25

I'm planning to record some tutorial videos. How do I make a mouse pointer/cursor with yellow circle around it on Ubuntu 16.04, so my students could see where I am?

Help would be appreciated.

13

Yellow circle can be done by installing any one of the following software:

  1. Cam studio: Is an open source windows software. Install it using wine then go to cursor settings. There is a cursor highlight.
  2. RealWorld Cursor Editor: Also for Windows. Using this, you can directly edit your mouse properties.
  3. vokoscreen: To install sudo apt-get install vokoscreen

  4. cairo-dock there is a add on to highlight the mouse pointer.

  5. Use gnome-tweak-tool.

  • Nothing for Teamviewer? – lamino Mar 12 '17 at 2:45
28

There is no large, colored, or animated mouse cursor by default.

To show the mouse position there is a gsetting key to allow showing the cursor position with orange circles upon pressing and releasing the Ctrl key:

enter image description here

The key is located in org.gnome.settings-daemon.peripherals.mouse accessible through dconf-editor as shown above or in a terminal with

gsettings set org.gnome.settings-daemon.peripherals.mouse locate-pointer true
  • 1
    It may be helpful to know gsettings set org.gnome.settings-daemon.peripherals.mouse locate-pointer true appears to be persistent across reboots and you don't need to add it to /etc/rc.local or any other startup areas. – WinEunuuchs2Unix Jan 5 '18 at 19:03
  • It does not work very well. If you use nautilus to rename a file (f2) and then try to copy the file using control+c then the 'locate-pointer' func interfer and you cannot copy the file name into the clipboard (16.04 LTS). I had to disable it. – Rudy Vissers Feb 2 '18 at 15:04
  • It works fine, but it requires pressing Ctrl each time. I'd like to configure it like: enable it when I press some keys + disable it when I press some keys. Sometimes I want it to be there for more seconds / minutes. – ROMANIA_engineer Oct 20 at 21:36
  • @ROMANIA_engineer: this most likely is hardcoded and can't be changed. – Takkat Oct 20 at 21:48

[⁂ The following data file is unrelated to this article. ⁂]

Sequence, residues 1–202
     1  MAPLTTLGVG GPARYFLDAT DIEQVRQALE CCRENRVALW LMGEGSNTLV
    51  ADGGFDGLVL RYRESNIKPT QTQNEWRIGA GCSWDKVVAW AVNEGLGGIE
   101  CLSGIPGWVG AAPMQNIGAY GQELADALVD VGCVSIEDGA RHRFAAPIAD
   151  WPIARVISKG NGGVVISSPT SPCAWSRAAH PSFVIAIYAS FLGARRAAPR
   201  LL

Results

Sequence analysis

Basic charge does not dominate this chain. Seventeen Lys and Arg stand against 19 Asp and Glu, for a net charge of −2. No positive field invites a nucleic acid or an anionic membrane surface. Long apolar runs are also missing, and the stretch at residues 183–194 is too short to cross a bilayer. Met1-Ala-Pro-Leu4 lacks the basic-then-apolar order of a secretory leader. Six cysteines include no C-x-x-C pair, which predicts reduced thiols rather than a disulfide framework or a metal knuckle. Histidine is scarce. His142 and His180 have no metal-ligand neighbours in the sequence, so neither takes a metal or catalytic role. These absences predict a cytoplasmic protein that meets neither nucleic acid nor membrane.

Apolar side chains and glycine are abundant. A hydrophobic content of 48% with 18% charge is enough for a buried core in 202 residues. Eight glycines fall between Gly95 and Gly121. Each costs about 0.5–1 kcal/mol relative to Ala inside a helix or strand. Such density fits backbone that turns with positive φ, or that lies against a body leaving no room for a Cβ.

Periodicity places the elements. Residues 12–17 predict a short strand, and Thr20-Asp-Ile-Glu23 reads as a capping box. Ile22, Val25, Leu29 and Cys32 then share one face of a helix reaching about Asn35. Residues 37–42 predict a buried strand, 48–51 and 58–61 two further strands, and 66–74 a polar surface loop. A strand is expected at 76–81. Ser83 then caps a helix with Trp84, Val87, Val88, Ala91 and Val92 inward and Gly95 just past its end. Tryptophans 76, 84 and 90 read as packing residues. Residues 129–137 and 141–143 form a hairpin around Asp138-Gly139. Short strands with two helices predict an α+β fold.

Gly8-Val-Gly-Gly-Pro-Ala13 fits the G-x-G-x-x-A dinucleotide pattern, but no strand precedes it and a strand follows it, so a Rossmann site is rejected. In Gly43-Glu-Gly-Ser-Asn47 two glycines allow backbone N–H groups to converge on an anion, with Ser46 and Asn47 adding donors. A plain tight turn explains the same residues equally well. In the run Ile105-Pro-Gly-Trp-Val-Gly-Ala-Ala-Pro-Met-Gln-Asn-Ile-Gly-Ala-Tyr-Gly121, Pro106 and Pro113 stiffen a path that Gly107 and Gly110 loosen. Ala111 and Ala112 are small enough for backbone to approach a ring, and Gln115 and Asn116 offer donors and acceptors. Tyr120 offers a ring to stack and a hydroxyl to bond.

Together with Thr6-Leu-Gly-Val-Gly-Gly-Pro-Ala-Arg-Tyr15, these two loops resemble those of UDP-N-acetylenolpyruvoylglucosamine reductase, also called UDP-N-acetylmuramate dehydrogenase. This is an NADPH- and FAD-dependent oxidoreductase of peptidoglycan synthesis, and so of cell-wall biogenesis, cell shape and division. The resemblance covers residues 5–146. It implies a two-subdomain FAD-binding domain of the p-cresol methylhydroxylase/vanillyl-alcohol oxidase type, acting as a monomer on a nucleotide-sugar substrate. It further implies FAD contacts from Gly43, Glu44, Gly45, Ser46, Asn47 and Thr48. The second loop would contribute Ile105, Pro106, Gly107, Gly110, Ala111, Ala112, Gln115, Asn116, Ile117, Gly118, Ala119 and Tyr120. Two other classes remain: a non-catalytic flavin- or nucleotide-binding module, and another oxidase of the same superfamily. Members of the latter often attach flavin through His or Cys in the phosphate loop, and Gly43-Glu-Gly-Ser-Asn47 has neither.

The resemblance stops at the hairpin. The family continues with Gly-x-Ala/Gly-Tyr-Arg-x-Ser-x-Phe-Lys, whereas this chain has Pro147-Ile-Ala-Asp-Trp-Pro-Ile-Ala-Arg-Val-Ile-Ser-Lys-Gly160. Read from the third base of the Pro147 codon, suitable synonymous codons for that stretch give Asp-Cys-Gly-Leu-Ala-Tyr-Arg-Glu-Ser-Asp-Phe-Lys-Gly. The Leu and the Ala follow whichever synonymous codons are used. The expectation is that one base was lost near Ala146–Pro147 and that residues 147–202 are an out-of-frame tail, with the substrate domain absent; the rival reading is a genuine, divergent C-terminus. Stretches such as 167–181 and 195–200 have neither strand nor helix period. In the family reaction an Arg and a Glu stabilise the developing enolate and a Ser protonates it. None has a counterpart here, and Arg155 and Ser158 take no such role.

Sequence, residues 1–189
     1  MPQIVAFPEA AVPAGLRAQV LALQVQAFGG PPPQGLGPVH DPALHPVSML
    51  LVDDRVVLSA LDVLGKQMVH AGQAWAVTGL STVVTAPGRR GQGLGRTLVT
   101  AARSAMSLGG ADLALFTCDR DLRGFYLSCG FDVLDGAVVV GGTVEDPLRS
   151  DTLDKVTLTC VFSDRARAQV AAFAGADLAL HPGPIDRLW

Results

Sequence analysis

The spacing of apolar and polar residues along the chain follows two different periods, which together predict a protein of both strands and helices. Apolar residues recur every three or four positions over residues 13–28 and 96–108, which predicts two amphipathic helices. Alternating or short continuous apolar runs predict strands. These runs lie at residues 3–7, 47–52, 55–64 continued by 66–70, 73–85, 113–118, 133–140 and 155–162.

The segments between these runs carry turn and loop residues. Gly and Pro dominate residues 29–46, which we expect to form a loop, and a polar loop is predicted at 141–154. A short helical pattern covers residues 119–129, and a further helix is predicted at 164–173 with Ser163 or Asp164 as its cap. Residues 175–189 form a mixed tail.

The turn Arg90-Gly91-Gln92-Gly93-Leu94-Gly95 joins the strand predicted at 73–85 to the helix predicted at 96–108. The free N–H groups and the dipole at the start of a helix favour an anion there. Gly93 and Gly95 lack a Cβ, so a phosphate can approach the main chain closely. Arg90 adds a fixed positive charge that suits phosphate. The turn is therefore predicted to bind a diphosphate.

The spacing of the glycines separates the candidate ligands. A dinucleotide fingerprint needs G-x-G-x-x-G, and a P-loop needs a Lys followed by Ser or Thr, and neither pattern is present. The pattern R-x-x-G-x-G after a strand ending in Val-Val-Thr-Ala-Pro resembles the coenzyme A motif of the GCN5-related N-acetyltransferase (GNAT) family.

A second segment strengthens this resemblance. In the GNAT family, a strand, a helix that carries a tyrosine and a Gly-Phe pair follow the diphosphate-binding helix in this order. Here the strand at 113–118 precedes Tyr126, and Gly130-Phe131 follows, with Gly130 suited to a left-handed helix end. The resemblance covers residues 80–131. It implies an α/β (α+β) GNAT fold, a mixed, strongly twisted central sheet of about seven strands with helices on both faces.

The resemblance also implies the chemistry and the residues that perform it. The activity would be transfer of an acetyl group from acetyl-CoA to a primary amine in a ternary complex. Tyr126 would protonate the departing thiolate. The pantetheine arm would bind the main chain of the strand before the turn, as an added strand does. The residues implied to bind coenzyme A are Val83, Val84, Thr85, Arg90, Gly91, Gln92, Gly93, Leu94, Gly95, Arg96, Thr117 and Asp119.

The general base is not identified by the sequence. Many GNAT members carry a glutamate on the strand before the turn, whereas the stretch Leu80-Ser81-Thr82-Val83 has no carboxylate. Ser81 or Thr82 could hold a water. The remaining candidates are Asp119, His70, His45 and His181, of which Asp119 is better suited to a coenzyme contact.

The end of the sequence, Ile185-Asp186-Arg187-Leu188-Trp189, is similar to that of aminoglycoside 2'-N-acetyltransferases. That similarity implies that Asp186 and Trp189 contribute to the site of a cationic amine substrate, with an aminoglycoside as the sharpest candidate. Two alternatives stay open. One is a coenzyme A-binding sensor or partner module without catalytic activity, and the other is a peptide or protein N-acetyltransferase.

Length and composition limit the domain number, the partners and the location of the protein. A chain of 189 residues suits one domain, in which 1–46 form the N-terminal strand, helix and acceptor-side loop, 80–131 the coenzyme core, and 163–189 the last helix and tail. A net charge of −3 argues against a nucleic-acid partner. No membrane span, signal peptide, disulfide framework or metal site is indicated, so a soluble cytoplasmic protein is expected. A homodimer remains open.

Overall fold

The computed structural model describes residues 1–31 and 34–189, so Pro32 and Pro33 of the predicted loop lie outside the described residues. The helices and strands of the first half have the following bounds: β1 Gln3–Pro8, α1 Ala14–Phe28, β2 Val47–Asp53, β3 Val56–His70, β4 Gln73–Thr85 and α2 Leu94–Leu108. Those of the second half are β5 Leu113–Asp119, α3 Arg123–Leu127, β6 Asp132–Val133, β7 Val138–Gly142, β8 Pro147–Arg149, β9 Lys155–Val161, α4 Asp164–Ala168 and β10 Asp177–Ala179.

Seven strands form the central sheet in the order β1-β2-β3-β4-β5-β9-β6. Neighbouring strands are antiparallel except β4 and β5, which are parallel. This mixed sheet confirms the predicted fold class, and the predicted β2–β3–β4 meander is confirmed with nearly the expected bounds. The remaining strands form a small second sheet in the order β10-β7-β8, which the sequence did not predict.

• @ROMANIA_engineer on my 4K screen with two other screens this isn't as good for me as it used to be. I was thinking of changing code to five to ten times bigger with black and white colors instead of washed out orange. You could try searching for the source code too. – WinEunuuchs2Unix Oct 20 at 22:23
10

Highlight Pointer Using Cursor Themes

I recently wanted to do this as well. I ended up at this answer which had some broken links and left me still in search of themes that someone else had surely created. I found one I liked. Here's an animated GIF of what I ended up with and how I got it working.

The end result image.gif

Finding a cursor theme

When I realized that this could be accomplished with a cursor theme (duh!), I went in search of some themes. I eventually ended up here, and after looking through a number of pages of different cursors, I settled on this one. To download, click the files tab and then download the .tar.gz file for the cursor theme.

Installing and enabling the cursor for screencasting

With the cursor theme downloaded, I got to work on installing it.

  • The file I downloaded contains multiple themes (each a different color halo) so I first extracted the contents to a temp folder

    tar -xzf /path/to/download/160115-bDMZT.tar.gz -C /tmp/
    
  • Then I copied the cyan theme to the proper directory, renaming it screencast

    sudo cp -r /tmp/bDMZT/abDMZ/ /usr/share/icons/screencast/
    
  • Before enabling the new cursor theme, I made note of the current theme.

    OLD_THEME=$(gsettings get org.gnome.desktop.interface cursor-theme) && echo $OLD_THEME
    
  • At this point, all that was left to do was to enable the theme.

    gsettings set org.gnome.desktop.interface cursor-theme screencast
    

If the new theme is active for some applications but not others or if it does not appear to be active at all, you may need to completely terminate all instances of the applications for which it is not active or log off entirely and log back in.

Changing back to the default cursor

Once you're finished your screencast, you may want to switch back to your previous theme (the system default is DMZ-White). To do this, run:

gsettings set org.gnome.desktop.interface cursor-theme "$OLD_THEME"

Extra 2-cents

There are also programs available to show mouse clicks and key presses which can be really helpful in screencasts.

4

I have not tested this, but I think it's the right answer.

  • Open compiz config: sudo apt install compizconfig-settings-manager && ccsm
  • Look for plugin Show mouse, under Accessibility - ENABLE it..
  • Play with it, to see if that's okay :)

You'll need compiz-plugins package to have this option.

screenshot

  • 1
    The "Show mouse" plugin has no effect for me on Ubuntu 16.04 with Gnome 3.18. – CivMeierFan Feb 7 '18 at 18:19
  • 1
    Couldn't find "Show mouse" plugin on Ubuntu 18.04 with Gnome 3.28.2 after installing compiz-config-settings-manager. There is only "Mouse poll interval" setting under accessibility options. – Dmitry Somov Aug 15 at 9:40

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